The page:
The Griffon Vulture is a large and awesome bird of prey, one of the largest and the highest flying of all birds (Nature’s Song, Slifkin, p.222). It is believed by many to be the Nesher (נֶשֶׁר) of the Torah, a bird very often translated instead as Eagle. (As in the moving verse where G-d tells the Jewish people: “I carried you on the wings of Nesharim and brought you to me“; or in the Torah’s list of non-kosher birds.)This endangered raptor nests on mountainous desert cliffs and is so rare that I thought surely I’d never see one in the wild. Yet, as part of the recent Eilat Birding Festival, we travelled to the Negev region of Israel for a day trip. What a thrill when our guides pointed out two or three Griffon Vultures and Egyptian Vultures, soaring effortlessly, far above these massive cliffs across from where we stood at Sde Boker – exciting, though it was hard to grasp their true size from the distance.But . . . the highlight of the day was when – all of a sudden – one of our very talented guides called out, “Griffon Vulture right over head!” With no thought as to my camera settings, I just pointed upward and took a few shots. There it was – in full view, gliding by right above us – breathtaking!For more perspective on the need for protecting these mighty birds, read this 2011 article in Ha’aretz by Dan Alon, expert and Director of the Israel Ornithological Center.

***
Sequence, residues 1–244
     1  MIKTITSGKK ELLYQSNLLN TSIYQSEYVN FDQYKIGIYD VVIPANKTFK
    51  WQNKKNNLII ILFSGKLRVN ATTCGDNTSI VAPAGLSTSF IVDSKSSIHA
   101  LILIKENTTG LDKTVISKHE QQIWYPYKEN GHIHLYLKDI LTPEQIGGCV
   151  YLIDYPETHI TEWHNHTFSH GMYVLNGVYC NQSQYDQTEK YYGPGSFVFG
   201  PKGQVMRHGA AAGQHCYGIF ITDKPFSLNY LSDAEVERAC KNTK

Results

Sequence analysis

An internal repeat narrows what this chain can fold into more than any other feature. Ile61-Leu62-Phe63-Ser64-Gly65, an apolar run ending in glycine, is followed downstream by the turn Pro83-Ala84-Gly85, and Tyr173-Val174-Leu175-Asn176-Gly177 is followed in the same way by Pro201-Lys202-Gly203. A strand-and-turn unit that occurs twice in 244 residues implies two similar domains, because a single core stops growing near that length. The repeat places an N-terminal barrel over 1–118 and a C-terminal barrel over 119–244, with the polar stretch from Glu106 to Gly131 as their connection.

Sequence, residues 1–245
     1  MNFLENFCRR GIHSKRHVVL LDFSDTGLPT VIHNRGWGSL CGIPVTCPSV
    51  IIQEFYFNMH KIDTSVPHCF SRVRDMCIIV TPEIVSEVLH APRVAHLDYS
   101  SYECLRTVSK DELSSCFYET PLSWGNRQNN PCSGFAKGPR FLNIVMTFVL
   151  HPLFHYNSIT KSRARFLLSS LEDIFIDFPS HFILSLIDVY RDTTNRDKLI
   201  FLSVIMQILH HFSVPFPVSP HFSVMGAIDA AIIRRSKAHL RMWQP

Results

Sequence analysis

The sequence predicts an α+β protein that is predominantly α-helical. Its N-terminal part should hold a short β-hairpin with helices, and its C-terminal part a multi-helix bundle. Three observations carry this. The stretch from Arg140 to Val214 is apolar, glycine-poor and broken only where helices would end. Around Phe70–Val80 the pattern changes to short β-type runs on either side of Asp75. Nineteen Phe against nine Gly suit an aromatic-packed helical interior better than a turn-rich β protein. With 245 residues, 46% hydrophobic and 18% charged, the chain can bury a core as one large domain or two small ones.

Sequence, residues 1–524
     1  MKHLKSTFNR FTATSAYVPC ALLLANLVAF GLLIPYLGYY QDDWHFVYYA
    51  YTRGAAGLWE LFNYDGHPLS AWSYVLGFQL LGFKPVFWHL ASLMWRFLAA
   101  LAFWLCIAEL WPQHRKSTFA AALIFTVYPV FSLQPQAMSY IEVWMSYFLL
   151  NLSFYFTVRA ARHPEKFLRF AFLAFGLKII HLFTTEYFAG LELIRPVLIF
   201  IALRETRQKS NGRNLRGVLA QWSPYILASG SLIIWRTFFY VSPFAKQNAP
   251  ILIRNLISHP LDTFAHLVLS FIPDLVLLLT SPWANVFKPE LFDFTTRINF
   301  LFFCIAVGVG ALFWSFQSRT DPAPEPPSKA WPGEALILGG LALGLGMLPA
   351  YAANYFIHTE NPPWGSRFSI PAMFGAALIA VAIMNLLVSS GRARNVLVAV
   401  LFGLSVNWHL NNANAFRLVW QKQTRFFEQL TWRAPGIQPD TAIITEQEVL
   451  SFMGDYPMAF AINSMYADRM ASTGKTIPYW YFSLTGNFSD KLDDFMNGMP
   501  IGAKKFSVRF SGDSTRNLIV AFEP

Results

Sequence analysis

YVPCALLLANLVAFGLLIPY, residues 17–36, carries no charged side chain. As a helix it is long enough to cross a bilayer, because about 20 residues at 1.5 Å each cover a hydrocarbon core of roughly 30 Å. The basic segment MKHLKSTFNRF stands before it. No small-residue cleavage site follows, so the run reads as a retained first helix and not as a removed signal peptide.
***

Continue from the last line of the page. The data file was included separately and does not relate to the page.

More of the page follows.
See Zoo Torah and a 2014 article in Ha’aretz for more on the controversy about the identity of the Nesher. Additional info about the Griffon Vulture can also be found here.And here is a statue of the Griffon Vulture, placed near that sign at the Makhtesh Ramon overlook along the road, for those who – like I once did – believe they may never experience the thrill of seeing this powerful bird in real life.